Government & Politics
‘Enemy for life’: Mayor Mitch Landrieu accused of steamrolling those who disagree with him | The Lens – Tyler Bridges delves into the mayor’s pattern of retribution:
Landrieu has worked hard to move the city forward. But he has displayed little patience for those who aren’t on the team. While jovial and gregarious in public, he often lacerates and retaliates against those who question that one voice — his.
The Lens interviewed more than 30 New Orleans residents who said that the mayor mistreated or punished them after they expressed a contrary view, or that they had firsthand knowledge of the mayor’s heavy-handed behavior. They include current and former elected officials, business people, a wide range of civic activists, attorneys and an opponent in the 2010 mayoral race.
Some of them say the mayor withheld funding or cut off city contracts. Others say he forced them from city boards or jobs. Still others say he chastised them with curse words over the phone or accosted them in public.
Kristen Gisleson Palmer talks politics at ‘Breakfast with the Newsmakers’ | The Lens – This morning, The Lens’ Charles Maldonado interviewed Councilwoman Kristin Gisleson Palmer at The Lens’ “Breakfast with the Newsmakers” event. Last month, Palmer made the surprise announcement that she would not seek re-election to the District C seat she’s held since May 2010.
No mid-year budget cuts will be required as Louisiana revenue dips only slightly | NOLA.com/The Times-Picayune – The Jindal administration will close a $35 million budget year shortfall with proceeds from the state’s tax amnesty, rather than make cuts. However, state economists are puzzled by weaker-than-expected corporate tax revenue numbers.
Zurik: $70,000 in federal grant money… for nothing | FOX 8 WVUE
A public servant has pleaded guilty in federal court to theft charges stemming from a series of FOX 8 reports. She’ll be sentenced by a federal judge next month.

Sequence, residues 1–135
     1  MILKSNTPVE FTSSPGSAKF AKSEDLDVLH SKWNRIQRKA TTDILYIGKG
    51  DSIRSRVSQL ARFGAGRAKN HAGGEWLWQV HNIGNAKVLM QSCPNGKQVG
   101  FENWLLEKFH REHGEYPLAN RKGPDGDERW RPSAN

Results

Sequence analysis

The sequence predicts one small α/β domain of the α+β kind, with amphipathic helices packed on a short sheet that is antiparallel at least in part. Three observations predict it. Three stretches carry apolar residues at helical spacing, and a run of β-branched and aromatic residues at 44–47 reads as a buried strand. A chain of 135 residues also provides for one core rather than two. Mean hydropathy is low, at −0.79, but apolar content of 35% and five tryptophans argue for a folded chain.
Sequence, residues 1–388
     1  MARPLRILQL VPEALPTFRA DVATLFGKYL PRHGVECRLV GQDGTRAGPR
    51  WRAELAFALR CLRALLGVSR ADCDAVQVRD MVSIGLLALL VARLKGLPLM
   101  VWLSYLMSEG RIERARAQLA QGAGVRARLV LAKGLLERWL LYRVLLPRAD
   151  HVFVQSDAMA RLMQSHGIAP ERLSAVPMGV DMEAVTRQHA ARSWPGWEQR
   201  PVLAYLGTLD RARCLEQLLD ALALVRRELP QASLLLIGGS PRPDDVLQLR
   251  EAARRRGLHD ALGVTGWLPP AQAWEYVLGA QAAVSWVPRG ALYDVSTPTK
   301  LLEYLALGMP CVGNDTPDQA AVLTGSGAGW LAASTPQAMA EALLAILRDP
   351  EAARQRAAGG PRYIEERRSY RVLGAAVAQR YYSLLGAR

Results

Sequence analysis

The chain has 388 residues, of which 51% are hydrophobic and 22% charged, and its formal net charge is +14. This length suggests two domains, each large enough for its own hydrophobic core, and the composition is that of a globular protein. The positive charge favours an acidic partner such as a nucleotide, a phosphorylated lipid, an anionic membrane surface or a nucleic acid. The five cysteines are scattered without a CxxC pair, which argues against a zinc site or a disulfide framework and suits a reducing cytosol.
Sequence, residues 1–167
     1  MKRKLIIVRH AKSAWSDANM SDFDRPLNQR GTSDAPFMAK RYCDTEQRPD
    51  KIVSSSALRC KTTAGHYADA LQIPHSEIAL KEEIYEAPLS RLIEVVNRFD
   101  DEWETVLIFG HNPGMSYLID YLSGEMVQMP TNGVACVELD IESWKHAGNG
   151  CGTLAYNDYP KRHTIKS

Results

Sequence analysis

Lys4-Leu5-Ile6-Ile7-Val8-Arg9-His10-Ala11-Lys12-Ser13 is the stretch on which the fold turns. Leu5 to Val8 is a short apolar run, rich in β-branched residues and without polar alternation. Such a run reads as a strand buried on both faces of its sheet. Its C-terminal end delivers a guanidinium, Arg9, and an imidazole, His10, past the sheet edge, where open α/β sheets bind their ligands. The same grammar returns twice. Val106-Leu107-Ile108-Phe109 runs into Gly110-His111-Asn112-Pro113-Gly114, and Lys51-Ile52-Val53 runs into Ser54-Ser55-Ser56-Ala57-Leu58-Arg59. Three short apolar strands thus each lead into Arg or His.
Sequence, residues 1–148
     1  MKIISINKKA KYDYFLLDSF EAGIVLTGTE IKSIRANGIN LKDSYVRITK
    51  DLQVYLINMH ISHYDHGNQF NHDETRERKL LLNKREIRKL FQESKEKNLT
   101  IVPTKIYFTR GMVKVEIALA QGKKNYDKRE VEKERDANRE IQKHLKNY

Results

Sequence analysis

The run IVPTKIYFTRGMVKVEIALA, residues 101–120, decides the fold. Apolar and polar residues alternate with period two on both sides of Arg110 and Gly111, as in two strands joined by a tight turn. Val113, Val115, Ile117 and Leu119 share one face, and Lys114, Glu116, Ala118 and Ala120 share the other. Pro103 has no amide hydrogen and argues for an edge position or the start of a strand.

For six months of work, taxpayers paid Schwann Sumas of New Orleans $70,000 – but our 2011 investigation showed she did little work for that pay.
Congressional Moneyball | Brookings Institution – Brookings reviews the performance of the 113th Congress and sees historic futility: fewer public laws passed “than any other Congress since at least 1947.” A baseball metaphor pervades a sortable chart of the “batting averages” of individual members of Congress, reflecting the percentage of sponsored bills that made it through committee. Here’s how the local delegation did:
Rep. Steve Scalise had one “hit” in four at bats for a batting average of .250. Cedric Richmond had zero hits in nine at-bats. U.S. Sen Mary Landrieu had six hits in 27 at-bats. Meanwhile, U.S. Sen David Vitter — despite having 61 at-bats, the most of any senator, was hitless.
With lethal-injection drugs hard to get, states turning to custom pharmacies | The Lens – Prison officials in other states have turned to compounding pharmacies to get the drugs they need for executions. Louisiana’s next execution is scheduled for Feb. 5, and it’s not clear whether the state has the poisons it needs or will seek a pharmacist willing to make a special batch.